Gettysburg, in Pennsylvania, was the site of a battle during the American Civil War. The battle ran from July 1st to July 3rd in 1863, thousands were killed, and later, Abraham Lincoln gave a memorial address there which to this day is memorized by school children across America. Four score and seven years ago, etc. etc.
During that battle, on the 3rd, the Confederate troops were ordered to carry out a major attack on the Union position at Cemetery Ridge. This was to become one of the most well known events during the Civil War. Most of the Confederate troops were unable to cross the 1000 yards of open ground they were ordered to take, but a handful of men reached a point on a stone wall known as The Angle. It is said that the battle flag of a unit of soldiers from Mississippi was later found draped across the stone wall. All of the Confederate soldiers to cross the stone wall at this point were killed or captured, and the rest of the Confederate troops, along the entire line, were turned back. The battle went against the South and many today claim that this event was the turning point in the Battle of Gettysburg, and that the Battle of Gettysburg was the turning point of the Civil War.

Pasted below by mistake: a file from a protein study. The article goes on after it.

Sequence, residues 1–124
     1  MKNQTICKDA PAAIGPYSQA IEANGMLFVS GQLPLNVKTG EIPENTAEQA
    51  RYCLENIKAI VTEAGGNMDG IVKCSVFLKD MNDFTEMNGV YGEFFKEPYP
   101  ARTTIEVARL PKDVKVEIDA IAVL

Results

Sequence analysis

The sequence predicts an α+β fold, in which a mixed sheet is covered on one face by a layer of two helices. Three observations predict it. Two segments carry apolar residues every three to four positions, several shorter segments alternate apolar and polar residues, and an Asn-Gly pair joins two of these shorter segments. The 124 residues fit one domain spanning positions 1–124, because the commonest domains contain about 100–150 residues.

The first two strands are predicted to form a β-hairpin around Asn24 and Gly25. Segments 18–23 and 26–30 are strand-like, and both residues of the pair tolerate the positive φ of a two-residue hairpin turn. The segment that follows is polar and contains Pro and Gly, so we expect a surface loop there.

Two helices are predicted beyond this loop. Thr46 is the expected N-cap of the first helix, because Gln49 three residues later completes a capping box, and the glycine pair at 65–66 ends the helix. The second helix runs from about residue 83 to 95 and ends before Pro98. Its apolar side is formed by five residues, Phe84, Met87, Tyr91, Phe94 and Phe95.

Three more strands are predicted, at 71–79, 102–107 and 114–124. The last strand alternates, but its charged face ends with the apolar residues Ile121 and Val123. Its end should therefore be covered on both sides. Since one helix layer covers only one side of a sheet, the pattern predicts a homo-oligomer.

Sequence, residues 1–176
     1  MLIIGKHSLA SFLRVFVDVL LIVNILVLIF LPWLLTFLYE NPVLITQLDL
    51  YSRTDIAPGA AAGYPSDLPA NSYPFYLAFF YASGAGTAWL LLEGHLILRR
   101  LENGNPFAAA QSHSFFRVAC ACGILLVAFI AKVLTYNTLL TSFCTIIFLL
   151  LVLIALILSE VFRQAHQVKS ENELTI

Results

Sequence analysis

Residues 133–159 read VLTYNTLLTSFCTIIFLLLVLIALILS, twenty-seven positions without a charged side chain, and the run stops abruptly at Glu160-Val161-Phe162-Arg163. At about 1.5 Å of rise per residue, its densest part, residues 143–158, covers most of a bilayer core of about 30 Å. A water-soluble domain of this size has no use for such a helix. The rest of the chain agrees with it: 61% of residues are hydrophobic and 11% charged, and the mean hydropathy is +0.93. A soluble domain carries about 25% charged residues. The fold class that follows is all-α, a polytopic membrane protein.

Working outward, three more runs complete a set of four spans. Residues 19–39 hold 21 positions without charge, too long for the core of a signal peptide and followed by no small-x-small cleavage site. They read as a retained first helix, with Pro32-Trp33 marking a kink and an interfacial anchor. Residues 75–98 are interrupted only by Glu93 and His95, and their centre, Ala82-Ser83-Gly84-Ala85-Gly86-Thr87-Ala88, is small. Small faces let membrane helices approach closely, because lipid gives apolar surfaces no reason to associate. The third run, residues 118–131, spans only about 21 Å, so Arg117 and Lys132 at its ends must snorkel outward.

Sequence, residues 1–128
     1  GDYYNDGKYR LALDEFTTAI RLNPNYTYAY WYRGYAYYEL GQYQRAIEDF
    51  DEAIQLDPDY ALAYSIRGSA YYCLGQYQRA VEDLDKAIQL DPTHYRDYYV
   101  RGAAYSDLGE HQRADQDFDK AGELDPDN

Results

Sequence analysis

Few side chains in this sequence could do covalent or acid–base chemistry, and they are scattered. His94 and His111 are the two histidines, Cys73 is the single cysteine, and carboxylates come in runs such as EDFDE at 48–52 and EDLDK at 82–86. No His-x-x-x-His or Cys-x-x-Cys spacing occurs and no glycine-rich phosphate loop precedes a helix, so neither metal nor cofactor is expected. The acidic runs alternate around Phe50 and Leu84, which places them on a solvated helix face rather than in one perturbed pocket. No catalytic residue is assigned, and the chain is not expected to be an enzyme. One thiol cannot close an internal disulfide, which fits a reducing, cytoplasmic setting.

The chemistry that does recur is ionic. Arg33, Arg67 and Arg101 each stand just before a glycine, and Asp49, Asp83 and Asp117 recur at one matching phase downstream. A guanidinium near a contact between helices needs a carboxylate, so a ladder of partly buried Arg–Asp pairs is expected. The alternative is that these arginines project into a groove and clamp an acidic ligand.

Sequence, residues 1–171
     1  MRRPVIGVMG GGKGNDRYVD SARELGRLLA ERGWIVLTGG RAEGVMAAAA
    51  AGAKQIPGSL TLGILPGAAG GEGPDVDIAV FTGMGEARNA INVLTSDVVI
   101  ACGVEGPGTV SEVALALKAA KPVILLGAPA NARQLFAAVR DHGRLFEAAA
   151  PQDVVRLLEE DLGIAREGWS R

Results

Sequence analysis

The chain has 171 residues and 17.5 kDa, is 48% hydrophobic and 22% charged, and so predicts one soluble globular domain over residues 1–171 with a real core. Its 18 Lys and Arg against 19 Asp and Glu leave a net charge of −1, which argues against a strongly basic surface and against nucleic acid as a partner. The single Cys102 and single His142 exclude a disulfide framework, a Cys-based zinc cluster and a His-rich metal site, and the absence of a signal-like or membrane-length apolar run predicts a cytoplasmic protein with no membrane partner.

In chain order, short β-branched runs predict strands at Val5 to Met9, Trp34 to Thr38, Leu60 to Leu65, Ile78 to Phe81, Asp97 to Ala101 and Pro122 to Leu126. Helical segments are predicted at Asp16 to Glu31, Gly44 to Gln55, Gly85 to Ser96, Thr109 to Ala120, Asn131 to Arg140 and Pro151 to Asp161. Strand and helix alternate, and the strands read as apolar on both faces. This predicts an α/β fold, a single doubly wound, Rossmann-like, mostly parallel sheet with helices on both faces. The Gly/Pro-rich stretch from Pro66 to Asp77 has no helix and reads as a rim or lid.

Of course, all that is history. But recently, the performer, writer, and blogger Tim Wick wrote an interesting piece linking this and other events at about the same time with the recent, or really, current history unfolding in the anti-same-sex marriage movement. For a few years now, those opposed to same sex marriage…who also therefore disdain and dislike gay people despite the recent trend of adding “We don’t hate gay people, we just want to pass laws against them” to their lame rhetoric…have enjoyed a fair amount of success in getting anti-gay laws passed across the United States. Recently, and rather suddenly, their “luck” has changed and they have just now lost several key skirmishes simultaneously. It is starting to look a lot like the Battle of Gettysburg on the day after July 3rd.